Belgium, (Brussels Morning Newspaper) The European Commission expressed ambition to end violence against women worldwide in a statement on Thursday.
Speaking ahead of the International Day for the Elimination of Violence against Women, High Representative of the EU for Foreign Affairs and Security Policy Josep Borrell stressed that violence against women is still present in all countries.
“The facts are shocking – in the EU and across the world, one in three women have experienced physical or sexual violence,” Borrell stated and added “one in five girls today are victims of child sexual abuse.”
According to him, “online violence is on the rise, with one in two young women experiencing gender-based cyber violence.”
Borrell condemned violence against women and girls and stressed “it is unacceptable in the 21st century that women and girls continue to be abused, harassed, raped, mutilated or forced into marriage.”
He reminded that the Commission proposed EU-wide rules aimed at ending violence against women earlier this year and announced the launch of a “common EU helpline number for victims of violence against women.”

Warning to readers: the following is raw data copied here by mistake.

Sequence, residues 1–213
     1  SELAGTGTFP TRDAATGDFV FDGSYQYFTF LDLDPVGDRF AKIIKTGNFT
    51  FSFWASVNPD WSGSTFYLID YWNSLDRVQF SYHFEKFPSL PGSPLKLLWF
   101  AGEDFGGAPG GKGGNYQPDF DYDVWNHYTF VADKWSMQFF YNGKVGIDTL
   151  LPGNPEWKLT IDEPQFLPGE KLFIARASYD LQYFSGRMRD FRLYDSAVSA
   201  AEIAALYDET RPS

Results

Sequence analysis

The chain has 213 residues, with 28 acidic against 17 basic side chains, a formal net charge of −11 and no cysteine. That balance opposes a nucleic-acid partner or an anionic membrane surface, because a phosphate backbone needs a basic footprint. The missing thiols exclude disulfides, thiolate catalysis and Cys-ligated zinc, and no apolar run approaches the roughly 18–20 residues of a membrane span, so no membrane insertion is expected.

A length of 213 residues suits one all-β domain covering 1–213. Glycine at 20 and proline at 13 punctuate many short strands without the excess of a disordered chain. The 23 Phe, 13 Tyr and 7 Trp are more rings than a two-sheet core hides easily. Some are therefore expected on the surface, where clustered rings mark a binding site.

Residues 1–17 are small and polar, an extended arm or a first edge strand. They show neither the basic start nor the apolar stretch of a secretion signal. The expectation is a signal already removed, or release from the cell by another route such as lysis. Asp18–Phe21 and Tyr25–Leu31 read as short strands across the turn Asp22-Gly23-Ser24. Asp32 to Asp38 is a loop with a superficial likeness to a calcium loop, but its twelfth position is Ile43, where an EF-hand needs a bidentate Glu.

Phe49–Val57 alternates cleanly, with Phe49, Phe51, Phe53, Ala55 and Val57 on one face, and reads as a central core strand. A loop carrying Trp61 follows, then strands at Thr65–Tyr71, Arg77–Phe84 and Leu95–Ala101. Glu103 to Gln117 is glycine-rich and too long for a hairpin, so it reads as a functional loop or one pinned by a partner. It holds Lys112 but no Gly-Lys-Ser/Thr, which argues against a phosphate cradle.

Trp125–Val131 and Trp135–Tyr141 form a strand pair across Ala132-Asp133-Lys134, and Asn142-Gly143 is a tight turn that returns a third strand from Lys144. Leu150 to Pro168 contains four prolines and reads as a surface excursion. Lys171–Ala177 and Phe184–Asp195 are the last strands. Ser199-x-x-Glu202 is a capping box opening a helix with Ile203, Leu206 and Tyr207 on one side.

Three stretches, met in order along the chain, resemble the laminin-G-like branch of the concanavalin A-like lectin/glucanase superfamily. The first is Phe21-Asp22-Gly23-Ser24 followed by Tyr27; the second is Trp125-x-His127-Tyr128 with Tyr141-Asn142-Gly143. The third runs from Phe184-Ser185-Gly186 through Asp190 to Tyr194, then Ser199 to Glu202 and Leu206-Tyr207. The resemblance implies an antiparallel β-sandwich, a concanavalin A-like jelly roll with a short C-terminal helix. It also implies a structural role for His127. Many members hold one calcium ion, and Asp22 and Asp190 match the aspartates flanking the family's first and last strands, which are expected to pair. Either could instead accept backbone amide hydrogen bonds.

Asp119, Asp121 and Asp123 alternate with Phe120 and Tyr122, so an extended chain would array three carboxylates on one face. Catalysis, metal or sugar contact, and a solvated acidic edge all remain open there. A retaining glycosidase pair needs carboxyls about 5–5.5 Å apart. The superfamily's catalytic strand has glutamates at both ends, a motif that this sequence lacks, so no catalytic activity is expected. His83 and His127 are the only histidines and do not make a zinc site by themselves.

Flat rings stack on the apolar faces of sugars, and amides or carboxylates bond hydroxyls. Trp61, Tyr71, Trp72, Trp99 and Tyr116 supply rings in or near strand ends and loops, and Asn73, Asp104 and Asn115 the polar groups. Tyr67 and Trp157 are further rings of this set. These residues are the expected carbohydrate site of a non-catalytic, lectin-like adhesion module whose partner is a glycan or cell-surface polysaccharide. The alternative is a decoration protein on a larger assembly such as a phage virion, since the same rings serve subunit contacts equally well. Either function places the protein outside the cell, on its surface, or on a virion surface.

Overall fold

Borrell observed that women in Iran and Afghanistan face abuse, exploitation, oppression, harassment, imprisonment and more, adding that Russian troops “are committing acts of sexual violence.”
“Women face violence also in humanitarian crises from Myanmar to northern Ethiopia and the Democratic Republic of Congo,” he added.
Borrell stressed that the EC remains “steadfast in our ambition to end violence against women inside and outside the EU,” adding that the bloc stands in solidarity with women and girls.
The Commission pointed out that EU member states have until the end of April next year to reserve the common EU telephone number for the new helpline, stressing that “women who are victims of violence will be able to call the same number across the EU to get advice and support.”
According to the EC, “gender-based cyber violence” is one of “the most serious forms of violence against women” along with female genital mutilation and rape.
The body reminded that it adopted the Istanbul Convention with the aim of “preventing and combating violence against women and domestic violence,” and concluded that women and girls account for “the majority of victims of trafficking registered in the EU.”